University of Chicago Sociology Professor Ernest Burgess encouraged his students to use the resources of the culturally diverse city of Chicago. Many of his graduate students' research projects throughout the 1930s incorporated homosexuals into their analyses of urban life.[3] Student papers described frequent, casual encounters with African American gay men in the city. By the 1930s, Black gay men had become a fixture of Chicago urban life and a legitimate subject for sociology research.[4]


"Lester, 16, Negro"

Homosexual Identities on the South Side

Homosexual identities on Chicago's South Side usually revolved around gender identity.

In an interview with a University of Chicago sociologist, Leo, a Black homosexual, reported having read that "men who desired men were often effeminate." When introduced to Chicago's queer world, he claimed to have seen "boys dance together," calling each other "husband and wife" and several of them were "arguing about men." The terms that Leo used to describe homosexuals - "Sissy" or "Nelly" - also described gender characteristics.

This mix of gender identities crossed sexual orientations, often creating confusion. For example, Chicago journalist Frank Davis noted that female impersonator Mae West confused her fans because her feminine accessories did not allow one to forget her body built like a "boxer or football player." Moreover, "although Barrows repeatedly had a weakness for men," Davis added that he engaged in sexual relations with "a very sexy German girl." In a similar tone, Clarenz, a female impersonator at 101 Ranch, married Alberta Anderson.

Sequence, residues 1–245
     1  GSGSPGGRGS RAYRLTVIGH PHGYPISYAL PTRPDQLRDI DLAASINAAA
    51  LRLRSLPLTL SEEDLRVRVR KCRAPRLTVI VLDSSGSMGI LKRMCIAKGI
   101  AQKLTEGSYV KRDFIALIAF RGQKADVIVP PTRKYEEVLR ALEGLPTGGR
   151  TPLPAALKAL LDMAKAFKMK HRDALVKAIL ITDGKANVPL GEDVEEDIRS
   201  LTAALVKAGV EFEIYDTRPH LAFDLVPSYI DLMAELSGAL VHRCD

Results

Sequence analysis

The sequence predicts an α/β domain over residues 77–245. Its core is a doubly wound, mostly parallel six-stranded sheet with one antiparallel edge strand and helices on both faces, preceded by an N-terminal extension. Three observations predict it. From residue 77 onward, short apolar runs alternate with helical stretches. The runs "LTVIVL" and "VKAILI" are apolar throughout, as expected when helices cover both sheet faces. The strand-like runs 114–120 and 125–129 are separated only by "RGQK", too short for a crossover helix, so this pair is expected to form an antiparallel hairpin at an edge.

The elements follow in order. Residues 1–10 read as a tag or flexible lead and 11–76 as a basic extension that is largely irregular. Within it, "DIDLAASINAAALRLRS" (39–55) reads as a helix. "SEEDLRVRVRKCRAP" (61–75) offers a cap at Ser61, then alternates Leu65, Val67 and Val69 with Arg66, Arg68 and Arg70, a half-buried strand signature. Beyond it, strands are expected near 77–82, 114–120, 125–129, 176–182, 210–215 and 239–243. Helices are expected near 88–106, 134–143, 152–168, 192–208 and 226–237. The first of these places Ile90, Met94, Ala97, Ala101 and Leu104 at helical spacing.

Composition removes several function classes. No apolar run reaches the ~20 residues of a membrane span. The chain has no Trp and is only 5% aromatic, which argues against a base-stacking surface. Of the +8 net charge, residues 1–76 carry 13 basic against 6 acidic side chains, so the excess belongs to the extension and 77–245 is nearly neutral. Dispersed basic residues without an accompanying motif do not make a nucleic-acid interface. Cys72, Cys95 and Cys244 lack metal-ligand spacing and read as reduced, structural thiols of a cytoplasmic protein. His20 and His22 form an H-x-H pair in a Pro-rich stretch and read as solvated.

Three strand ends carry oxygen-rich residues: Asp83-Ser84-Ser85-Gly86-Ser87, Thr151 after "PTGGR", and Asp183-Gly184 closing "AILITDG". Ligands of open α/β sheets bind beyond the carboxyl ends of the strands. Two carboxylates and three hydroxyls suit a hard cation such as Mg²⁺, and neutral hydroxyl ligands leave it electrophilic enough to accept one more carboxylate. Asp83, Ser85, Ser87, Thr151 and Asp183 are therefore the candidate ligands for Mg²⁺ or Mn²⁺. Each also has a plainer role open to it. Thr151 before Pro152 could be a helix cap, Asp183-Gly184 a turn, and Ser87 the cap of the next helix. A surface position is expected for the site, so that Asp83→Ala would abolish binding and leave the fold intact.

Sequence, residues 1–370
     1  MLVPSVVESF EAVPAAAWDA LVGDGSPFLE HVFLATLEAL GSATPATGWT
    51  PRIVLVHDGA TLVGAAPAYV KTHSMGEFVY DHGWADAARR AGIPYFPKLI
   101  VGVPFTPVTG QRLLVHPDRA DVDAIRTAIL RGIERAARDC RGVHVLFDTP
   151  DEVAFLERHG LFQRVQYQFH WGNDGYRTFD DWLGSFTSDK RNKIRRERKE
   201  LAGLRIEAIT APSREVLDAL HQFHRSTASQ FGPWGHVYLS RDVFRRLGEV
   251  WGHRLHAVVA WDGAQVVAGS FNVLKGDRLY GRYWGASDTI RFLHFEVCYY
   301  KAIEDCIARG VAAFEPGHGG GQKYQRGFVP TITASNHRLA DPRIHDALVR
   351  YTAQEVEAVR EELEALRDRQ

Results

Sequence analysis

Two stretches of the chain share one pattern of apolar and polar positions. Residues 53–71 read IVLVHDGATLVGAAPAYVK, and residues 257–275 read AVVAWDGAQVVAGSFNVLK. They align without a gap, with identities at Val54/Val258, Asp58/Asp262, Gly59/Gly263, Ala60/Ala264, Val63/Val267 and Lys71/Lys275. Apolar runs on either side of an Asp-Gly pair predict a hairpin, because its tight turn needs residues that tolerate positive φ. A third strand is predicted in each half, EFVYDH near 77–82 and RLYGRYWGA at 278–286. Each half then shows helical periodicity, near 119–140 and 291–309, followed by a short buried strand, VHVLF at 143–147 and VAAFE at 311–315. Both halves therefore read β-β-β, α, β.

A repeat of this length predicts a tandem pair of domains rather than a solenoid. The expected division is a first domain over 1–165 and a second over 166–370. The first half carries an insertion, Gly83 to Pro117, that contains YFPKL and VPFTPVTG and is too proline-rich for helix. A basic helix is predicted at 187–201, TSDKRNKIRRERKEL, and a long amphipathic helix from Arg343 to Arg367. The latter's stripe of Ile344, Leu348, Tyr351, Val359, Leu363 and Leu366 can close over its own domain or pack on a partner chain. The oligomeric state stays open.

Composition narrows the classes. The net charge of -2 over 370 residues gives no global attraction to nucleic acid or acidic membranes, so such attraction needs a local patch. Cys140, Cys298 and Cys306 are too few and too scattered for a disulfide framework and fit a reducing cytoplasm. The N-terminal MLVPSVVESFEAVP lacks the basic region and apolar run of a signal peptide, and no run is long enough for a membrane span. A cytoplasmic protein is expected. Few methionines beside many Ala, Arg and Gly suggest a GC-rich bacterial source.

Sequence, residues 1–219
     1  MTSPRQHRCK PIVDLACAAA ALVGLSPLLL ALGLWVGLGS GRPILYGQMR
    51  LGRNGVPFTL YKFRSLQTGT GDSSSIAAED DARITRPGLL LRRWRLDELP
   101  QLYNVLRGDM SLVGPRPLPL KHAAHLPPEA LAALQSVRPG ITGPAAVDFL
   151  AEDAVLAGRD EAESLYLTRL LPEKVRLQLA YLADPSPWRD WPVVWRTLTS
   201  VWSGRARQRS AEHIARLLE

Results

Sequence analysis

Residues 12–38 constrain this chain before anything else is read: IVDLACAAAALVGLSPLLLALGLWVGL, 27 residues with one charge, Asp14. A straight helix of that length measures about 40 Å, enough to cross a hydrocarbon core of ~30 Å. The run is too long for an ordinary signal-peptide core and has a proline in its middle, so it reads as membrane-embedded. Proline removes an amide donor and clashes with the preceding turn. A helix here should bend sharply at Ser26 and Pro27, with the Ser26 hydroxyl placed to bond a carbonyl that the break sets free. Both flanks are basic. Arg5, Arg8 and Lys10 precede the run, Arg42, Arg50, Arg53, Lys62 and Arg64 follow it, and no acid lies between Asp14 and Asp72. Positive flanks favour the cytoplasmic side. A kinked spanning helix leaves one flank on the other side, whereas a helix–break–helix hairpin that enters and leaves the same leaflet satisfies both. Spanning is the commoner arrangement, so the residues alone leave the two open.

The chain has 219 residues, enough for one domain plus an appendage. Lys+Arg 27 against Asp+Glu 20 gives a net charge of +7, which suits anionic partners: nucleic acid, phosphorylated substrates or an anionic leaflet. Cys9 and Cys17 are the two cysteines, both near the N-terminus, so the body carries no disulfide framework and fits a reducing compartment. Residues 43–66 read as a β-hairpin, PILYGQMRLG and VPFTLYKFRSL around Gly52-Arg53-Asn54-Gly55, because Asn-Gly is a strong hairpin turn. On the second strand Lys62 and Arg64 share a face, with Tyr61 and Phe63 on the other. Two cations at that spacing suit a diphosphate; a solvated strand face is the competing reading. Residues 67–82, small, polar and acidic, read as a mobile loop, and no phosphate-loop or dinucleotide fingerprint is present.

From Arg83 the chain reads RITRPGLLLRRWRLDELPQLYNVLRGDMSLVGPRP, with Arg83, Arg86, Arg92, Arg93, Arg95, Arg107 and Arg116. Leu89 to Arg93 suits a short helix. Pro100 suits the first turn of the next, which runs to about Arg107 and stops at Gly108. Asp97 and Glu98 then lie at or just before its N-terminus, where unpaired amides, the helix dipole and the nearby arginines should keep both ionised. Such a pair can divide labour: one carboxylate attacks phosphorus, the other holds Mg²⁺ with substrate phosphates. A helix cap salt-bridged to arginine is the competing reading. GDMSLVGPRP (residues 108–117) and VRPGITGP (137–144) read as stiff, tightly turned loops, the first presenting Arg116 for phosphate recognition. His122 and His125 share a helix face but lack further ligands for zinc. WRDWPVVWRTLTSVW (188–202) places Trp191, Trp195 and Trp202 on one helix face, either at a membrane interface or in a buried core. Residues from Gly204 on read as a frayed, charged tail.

This confusion between sexual and gender identities confirms the tensions between the two competing systems. For some, gender identity was independent from sexual orientations, and for others they were connected.

"Case of Arthur, Age 20, Colored, Only Child"

Other young African American gay males interviewed by Ernest Burgess and his students confirmed that their identity was deeply grounded in gender identities. Arthur, 20, African-American, remembered that he "played with girls, jumped rope, played jacks" and "wished [he] were a girl."

"The boys always called ma a sissy. Although I was not dressed as a girl, when my mother was away, I would put on my mothers clothes. My relatives and other people said that I looked like a girl. I swished very much as a child by my mother broke me of the habit. Later when I was about 18 years of age, I met Egan. He was my husband. We lived together for two years, and he gave me a marriage ring. I really loved him. I knew Egan was crazy about woman but that did not bother me. I knew that he was cheating."[5]